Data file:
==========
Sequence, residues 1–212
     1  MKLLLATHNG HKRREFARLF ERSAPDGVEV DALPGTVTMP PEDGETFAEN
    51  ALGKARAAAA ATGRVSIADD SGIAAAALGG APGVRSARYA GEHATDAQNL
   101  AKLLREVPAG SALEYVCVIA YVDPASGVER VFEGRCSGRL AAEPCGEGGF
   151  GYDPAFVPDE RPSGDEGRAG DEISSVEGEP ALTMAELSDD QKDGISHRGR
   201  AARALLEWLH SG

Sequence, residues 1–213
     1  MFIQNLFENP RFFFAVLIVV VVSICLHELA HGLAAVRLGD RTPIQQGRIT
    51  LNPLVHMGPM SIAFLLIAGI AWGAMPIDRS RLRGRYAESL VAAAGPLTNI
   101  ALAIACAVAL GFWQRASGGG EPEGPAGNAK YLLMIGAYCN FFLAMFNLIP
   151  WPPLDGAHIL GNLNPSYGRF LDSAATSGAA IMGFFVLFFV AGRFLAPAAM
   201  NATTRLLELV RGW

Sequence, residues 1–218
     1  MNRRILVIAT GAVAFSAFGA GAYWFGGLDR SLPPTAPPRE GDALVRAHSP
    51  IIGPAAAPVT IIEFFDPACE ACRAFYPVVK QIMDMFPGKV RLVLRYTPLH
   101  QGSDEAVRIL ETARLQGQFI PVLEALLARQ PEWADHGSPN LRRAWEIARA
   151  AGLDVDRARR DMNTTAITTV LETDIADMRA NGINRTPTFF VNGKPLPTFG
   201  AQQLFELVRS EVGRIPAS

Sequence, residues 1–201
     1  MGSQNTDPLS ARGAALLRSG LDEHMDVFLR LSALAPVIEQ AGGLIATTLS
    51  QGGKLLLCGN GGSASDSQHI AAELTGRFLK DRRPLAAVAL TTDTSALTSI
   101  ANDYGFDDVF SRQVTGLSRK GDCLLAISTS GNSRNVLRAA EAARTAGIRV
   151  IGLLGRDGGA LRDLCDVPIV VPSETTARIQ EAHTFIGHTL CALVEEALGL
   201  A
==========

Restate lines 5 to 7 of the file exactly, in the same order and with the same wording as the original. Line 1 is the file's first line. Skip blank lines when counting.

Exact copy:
   151  GYDPAFVPDE RPSGDEGRAG DEISSVEGEP ALTMAELSDD QKDGISHRGR
   201  AARALLEWLH SG

Sequence, residues 1–213